Asthma is typically diagnosed with a medical exam and a test that measures the airflow in and out of the lungs. Children who are of preschool age or younger may not be able to complete the airflow test, which requires blowing very hard into a tube. And since infants and toddlers can’t describe how they feel, parents, other family members and caregivers need to be alert for symptoms.

Tell your child’s pediatrician if anyone in your family has asthma or allergies, such as hay fever, hives or eczema. Both allergies and asthma run in families; if they run in yours, it’s more likely that your child will have them. If you have a family history of asthma or allergies, you may be referred to an allergist.

The allergist may perform skin or blood tests to see whether your child has allergies that can trigger asthmatic symptoms. These tests can be done at any age. The allergist also may prescribe one or more asthma medicines. If your child gets better while taking the medicine, it can be a signal that your child’s symptoms are due to asthma.


Most children with asthma have symptoms before they turn 5. In very young children, it may be hard for parents, and even doctors, to recognize that the symptoms are due to asthma. The bronchial tubes in infants, toddlers and preschoolers are already small and narrow, and head colds, chest colds and other illnesses can inflame these airways, making them even smaller and more irritated.

The symptoms of pediatric asthma can range from a nagging cough that lingers for days or weeks to sudden and scary breathing emergencies. Common symptoms include:

  • Coughing, especially at night
  • A wheezing or whistling sound, especially when breathing out
  • Trouble breathing or fast breathing that causes the skin around the ribs or neck to pull in tightly
  • Frequent colds that settle in the chest

Your child might have only one of these symptoms, or several of them. You may think it’s just a cold or bronchitis. If the symptoms recur, that’s a clue that your child might have asthma. In addition, symptoms may worsen when your child is around asthma triggers, such as irritants in the air (smoke or strong odors, for example) or allergens like pollen, pet dander and dust mites.

Visit the asthma symptoms page for more information.

Management and Treatment

Any asthma symptom, whether mild or severe, is always serious; even mild symptoms can quickly become life-threatening. Poorly controlled and undiagnosed asthma in small children can result in trips to the emergency room, hospital stays, missed workdays for parents and suffering that small children are unable to express. It’s very important that an asthmatic child receive proper treatment.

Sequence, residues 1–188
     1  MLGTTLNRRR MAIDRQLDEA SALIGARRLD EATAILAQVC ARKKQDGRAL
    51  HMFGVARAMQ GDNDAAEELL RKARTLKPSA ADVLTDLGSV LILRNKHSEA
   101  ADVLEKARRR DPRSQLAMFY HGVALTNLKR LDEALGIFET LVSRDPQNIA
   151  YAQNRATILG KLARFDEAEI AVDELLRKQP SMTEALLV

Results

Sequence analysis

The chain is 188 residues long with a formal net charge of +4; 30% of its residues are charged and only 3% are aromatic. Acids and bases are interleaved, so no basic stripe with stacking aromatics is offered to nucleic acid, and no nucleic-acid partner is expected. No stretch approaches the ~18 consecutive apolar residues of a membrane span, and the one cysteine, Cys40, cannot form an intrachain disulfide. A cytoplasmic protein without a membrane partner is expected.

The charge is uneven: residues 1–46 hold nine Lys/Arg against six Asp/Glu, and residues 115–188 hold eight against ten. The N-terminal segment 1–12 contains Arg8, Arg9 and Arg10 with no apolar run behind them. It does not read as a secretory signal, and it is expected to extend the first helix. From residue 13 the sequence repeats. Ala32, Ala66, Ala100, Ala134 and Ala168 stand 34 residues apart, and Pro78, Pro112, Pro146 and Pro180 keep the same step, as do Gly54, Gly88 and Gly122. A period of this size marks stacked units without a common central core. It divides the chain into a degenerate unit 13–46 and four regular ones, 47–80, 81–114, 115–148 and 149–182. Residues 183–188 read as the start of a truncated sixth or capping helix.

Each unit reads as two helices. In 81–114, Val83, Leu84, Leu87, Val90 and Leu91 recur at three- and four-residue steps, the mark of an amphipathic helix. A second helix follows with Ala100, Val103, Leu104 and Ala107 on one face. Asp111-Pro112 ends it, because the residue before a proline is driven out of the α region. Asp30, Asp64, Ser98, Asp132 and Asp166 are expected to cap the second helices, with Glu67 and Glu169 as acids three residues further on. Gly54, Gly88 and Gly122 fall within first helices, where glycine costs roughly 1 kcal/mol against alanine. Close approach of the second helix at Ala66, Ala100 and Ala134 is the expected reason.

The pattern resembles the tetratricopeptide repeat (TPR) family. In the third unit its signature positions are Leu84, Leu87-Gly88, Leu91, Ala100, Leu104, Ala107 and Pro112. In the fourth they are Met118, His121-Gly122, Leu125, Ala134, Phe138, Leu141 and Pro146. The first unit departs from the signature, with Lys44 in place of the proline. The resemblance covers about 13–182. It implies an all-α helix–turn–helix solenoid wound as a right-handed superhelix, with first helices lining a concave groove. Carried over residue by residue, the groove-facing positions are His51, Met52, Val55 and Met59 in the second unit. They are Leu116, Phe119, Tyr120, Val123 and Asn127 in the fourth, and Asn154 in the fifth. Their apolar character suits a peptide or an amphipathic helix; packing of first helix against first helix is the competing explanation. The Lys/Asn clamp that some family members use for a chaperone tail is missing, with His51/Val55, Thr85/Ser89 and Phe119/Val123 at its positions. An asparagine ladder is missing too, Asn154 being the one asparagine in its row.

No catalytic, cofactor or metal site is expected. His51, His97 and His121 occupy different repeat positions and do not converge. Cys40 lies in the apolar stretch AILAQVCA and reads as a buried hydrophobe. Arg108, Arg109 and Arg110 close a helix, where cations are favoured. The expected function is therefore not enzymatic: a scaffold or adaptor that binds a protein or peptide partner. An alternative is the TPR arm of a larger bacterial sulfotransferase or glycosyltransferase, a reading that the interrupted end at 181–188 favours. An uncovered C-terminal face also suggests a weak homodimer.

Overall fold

The treatment will depend on the severity and frequency of the symptoms. To deal with childhood asthma, the doctor may prescribe two types of medicines:

  • Quick relief: Any child who has asthma needs a quick-relief medicine to treat the noisy part of the disease — the coughing, wheezing and shortness of breath that occur with symptoms or an asthma attack. This medicine (typically an inhaler) should be with the child at all times for use at the first sign of symptoms.
  • Long-term control: This type of medicine is needed by some children to treat the quiet part of asthma — the inflammation of the airways. It is taken daily to prevent asthma symptoms and attacks.

Your child can take both medicines using an inhaler with a device called a holding chamber (which helps to ensure that all the medication reaches the lungs) or through a nebulizer, a machine that includes compressor tubing and a mask to help deliver the medication. Your child’s doctor, nurse or pharmacist can teach you how to use both so you can determine what works best.

Asthma medicines are very safe and effective when used as directed. Some studies have suggested that continued use of long-term control medicines can slightly slow a child’s growth, but being able to breathe outweighs this risk.

If medications don’t help, or your child can’t avoid asthma triggers, you’ll need to determine whether the symptoms are triggered by exposure to an allergen, such as pet dander or pollen. If that’s the case, allergy shots (immunotherapy) may be an option and are often recommended.

If you think that your child might have asthma, speak to your pediatrician or to an allergist. An allergist can help you create an asthma action plan so that you know when your child’s asthma is under control, when you need to change medicines and when emergency help is needed. An asthma action plan should have goals for your child’s asthma treatment and health.

Children with asthma should get a flu shot each fall. Those with egg allergies should not get the nasal-spray version of the flu vaccine, according to the Centers for Disease Control and Prevention. The injected version of the vaccine does contain a very small amount of egg protein but generally causes no problems for those allergic to eggs. To be on the safe side, children who are allergic to eggs should get their flu shot in their doctor’s office, and not at a drugstore or a supermarket pharmacy.

With the right treatment, your child can sleep through the night, avoid missing time from day care or preschool and breathe easily.

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